While catching up on the long tail, Chris Anderson’s blog where he explores his thesis about the impact of digital distribution on mass media products, I realized most IT people take what Chris calls a blockbuster attitude when it comes to deciding what log sources to centralize.
(The basic long tail idea is that in the past, when the cost of distributing each movie title or album was fairly high, only the most popular items could be profitable. But with digital distribution, suddenly the aggregate profit of all of the more niche stuff may be larger than the hits. You profit by having everything anyone might want in stock.)
When it comes to building some sort of central log host, sysadmins focus on getting the most-used logs in – syslog, apache, and maybe appservers. Within these logs, they take the same blockbuster attitude to decide which messages from a particular log to classify. This is only because of the overhead of manually interpreting each message.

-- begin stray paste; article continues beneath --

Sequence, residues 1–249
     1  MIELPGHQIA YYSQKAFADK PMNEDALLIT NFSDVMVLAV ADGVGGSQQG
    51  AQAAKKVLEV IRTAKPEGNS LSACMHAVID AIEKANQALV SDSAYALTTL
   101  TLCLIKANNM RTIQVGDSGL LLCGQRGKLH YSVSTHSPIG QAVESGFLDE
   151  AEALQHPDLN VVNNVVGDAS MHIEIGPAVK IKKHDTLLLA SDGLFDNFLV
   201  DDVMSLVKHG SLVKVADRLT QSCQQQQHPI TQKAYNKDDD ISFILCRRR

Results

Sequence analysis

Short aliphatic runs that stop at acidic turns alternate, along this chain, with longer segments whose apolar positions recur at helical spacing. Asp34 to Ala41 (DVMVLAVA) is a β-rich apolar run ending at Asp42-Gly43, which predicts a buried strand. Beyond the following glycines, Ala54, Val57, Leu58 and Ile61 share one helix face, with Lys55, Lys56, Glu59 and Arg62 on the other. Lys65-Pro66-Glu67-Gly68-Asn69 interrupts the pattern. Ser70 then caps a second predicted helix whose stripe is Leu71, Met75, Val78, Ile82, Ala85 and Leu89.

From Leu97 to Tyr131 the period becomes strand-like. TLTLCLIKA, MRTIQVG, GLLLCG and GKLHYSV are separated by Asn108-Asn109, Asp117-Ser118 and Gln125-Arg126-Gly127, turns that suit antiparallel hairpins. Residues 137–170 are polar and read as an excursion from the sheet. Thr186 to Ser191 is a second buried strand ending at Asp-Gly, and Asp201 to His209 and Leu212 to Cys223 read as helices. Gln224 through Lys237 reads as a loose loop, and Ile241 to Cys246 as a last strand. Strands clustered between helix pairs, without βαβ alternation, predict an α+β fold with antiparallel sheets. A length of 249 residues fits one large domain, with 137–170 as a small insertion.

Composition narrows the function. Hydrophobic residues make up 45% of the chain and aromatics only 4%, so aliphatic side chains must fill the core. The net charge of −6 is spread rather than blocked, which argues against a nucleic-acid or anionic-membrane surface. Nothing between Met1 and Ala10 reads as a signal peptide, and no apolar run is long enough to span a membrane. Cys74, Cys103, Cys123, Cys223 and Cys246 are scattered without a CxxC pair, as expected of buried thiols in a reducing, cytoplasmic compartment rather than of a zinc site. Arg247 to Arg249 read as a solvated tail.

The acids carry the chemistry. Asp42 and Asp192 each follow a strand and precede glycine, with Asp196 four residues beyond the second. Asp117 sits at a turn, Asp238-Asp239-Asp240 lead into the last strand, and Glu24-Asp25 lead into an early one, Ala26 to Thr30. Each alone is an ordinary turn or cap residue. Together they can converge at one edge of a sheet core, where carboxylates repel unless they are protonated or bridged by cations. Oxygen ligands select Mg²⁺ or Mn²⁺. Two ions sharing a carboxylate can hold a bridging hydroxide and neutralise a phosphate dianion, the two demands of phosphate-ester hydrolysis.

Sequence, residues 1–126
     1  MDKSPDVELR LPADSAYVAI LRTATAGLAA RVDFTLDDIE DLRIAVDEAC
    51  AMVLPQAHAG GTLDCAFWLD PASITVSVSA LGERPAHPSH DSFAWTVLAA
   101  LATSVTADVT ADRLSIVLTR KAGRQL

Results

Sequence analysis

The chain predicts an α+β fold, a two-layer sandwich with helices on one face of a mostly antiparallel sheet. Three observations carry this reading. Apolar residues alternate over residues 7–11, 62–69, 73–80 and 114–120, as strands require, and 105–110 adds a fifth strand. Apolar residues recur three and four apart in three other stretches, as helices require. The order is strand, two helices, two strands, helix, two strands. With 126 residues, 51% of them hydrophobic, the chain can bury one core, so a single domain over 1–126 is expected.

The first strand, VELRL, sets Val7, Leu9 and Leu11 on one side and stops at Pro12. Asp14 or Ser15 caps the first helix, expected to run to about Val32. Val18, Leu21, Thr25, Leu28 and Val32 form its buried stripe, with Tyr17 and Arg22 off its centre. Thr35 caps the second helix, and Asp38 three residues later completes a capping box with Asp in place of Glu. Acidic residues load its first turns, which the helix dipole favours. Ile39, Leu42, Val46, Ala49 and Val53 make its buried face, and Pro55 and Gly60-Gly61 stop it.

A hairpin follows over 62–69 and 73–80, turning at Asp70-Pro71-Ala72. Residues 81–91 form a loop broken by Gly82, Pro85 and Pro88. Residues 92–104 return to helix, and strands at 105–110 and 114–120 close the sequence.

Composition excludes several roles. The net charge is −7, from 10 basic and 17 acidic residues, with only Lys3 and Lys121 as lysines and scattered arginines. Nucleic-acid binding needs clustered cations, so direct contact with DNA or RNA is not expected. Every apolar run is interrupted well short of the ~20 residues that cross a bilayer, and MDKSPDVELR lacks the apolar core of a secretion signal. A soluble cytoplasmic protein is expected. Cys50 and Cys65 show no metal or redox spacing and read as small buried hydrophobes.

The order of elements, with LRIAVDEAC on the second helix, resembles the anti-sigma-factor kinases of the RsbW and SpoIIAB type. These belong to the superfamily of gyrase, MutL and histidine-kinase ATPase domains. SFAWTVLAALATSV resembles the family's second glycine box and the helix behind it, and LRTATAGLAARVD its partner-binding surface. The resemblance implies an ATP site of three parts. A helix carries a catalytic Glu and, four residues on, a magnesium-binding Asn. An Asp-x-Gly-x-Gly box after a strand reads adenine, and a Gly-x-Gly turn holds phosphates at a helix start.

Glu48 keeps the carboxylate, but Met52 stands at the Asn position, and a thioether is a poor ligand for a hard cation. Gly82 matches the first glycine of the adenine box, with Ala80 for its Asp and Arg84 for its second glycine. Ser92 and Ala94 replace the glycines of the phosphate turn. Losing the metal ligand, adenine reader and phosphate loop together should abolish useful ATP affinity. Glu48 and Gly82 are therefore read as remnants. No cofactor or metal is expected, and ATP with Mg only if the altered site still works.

Chris’ point about the long tail holds here, too. There can be more value, in aggregate, in the obscure logs and uncommon events. It’s the rare things, the messages you didn’t expect or that never happened before, that may be the best clue to an operations problem.
Splunk is to log parsing what digital distribution is to mass media. It drives the marginal cost of making sense of another log message or format to nil, so that the huge aggregate value of the rare stuff can be realized.
It ties into what we learned at Interop New York in December. We should have turned logging way up and dumped every event possible into Splunk. But just wait for Interop Vegas late this spring!
(Sorry, the econ TA in me took over for this post 😉